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Ship Recycling Endures a Turbulent 2022

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Like much of the world, one word adequately describes the ship recycling market in 2022: turbulent.

According to GMS, prices reached decade long peaks above $700/LDT in the first quarter of the year before crashing back down by about $200/LDT, with certain trades seeing below the $500/LDT barrier and even into the high $400s/LDT on certain occasions.

On the West End, the situation was no different in Turkey, where levels too hit a record $500/Ton for a brief period, only to plummet about half in value (about $250/MT) in a rather short period, and has remained on the sidelines ever since.

Steel plate prices and especially the relevant currencies have all seen record lows against the U.S. Dollar, shattering records by the month during the summer period.

We have also seen decade lows in the supply of tonnage, with almost all freight sectors performing strongly this year, as we finally seen a much-anticipated rebound on tankers following a number of years in the doldrums.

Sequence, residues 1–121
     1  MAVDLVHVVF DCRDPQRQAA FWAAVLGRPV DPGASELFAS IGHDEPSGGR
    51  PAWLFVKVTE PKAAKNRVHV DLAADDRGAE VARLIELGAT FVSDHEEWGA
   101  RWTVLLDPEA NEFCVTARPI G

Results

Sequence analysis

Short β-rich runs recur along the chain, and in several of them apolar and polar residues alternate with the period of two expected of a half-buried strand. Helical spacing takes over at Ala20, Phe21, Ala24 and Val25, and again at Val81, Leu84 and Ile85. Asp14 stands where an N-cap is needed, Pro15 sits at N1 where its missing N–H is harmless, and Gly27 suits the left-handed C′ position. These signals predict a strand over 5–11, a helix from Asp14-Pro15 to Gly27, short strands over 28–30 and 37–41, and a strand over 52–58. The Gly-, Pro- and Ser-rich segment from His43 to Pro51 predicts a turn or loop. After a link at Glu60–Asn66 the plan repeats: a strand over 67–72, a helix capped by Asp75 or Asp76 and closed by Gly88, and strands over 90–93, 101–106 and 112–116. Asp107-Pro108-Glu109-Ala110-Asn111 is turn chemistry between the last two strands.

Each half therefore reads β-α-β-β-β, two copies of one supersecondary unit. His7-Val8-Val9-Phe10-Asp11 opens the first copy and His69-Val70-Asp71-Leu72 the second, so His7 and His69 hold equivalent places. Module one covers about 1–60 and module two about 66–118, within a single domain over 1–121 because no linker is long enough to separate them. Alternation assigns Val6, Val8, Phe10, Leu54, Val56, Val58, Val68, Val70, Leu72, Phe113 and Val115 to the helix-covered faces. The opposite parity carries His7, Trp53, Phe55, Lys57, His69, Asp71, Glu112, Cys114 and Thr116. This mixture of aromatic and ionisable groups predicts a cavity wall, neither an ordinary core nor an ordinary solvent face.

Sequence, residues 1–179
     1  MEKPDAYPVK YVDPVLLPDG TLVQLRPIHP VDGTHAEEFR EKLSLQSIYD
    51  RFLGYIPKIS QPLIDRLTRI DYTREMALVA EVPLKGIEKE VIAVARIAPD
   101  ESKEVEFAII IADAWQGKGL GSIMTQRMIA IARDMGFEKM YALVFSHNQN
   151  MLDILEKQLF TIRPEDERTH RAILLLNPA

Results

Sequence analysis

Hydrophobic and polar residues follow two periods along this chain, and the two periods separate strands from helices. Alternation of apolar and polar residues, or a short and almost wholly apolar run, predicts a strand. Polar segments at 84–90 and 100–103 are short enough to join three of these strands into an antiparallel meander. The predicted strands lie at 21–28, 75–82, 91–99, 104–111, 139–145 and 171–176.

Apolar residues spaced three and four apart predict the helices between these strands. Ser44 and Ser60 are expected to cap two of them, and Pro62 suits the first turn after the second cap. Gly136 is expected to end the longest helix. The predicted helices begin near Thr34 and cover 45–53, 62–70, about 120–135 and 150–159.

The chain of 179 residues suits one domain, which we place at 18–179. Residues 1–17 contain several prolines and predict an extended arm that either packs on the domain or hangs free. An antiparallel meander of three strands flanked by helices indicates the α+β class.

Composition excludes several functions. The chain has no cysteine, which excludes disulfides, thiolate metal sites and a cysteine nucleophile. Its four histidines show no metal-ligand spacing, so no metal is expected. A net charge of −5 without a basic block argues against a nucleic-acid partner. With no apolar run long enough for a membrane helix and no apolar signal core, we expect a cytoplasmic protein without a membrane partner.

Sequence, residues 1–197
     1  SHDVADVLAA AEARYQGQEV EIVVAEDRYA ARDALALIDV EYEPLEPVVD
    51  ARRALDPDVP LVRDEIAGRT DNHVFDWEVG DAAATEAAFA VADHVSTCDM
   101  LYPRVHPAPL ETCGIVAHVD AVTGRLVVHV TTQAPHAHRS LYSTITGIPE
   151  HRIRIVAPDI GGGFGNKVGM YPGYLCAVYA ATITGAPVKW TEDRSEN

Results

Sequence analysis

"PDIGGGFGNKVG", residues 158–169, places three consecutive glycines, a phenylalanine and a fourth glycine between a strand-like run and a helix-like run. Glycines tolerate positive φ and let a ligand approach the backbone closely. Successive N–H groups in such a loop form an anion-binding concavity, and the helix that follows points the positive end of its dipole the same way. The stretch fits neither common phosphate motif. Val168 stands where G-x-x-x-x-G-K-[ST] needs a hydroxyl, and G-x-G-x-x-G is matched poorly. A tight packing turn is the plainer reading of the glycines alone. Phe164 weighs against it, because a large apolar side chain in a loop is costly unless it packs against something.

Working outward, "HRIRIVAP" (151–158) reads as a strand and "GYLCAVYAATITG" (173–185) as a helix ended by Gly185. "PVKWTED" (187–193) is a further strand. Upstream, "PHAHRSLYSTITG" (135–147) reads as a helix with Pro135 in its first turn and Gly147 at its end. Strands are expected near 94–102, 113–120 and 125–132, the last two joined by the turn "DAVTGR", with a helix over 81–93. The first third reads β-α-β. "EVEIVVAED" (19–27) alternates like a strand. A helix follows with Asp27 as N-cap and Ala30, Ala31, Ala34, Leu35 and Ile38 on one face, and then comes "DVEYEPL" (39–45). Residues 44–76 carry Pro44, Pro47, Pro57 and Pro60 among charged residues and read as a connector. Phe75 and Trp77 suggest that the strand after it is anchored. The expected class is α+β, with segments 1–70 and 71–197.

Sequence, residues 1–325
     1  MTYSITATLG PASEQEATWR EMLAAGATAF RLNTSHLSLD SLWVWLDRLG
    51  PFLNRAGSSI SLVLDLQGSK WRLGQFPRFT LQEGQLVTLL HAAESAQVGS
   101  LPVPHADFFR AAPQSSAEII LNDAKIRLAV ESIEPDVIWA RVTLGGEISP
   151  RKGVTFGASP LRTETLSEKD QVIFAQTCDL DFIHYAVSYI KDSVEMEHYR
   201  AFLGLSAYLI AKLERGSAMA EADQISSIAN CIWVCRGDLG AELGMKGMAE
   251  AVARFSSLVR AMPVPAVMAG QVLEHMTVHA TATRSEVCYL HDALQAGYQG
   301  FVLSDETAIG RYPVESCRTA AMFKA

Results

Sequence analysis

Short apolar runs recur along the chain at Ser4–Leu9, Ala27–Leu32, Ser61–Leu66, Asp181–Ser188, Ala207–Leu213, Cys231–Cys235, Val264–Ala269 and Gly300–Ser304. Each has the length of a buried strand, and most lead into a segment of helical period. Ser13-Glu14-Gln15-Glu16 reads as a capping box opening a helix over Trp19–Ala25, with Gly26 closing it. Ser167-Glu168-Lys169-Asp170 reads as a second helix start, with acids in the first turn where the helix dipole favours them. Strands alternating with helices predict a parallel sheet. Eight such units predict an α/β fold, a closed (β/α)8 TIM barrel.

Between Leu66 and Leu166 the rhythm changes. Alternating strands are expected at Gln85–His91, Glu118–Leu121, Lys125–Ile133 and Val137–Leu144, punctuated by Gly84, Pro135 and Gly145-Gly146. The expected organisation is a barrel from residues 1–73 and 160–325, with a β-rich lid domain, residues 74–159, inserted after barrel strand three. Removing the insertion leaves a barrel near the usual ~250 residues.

Dry Bulk and Containers have also had outstanding years, with minimal scrapping seen in both sectors during the first half of the year. As such, moving into 2023, we do expect to see more vessels enter the market for recycling from each of these sectors, especially as freight rates have cooled off considerably towards the end of this year.

There are also a number of vessels trading right up to their limits (in terms of surveys) and due to older age profiles and reduced earnings, Owners are unlikely to pass further surveys and may well scrap with recycling rates still looking relatively firm $350/LDT being the historical average). A reduction in the fleet size amidst relatively low newbuilding deliveries for 2023 should help charter rates recover and for various earning cycles to start again.



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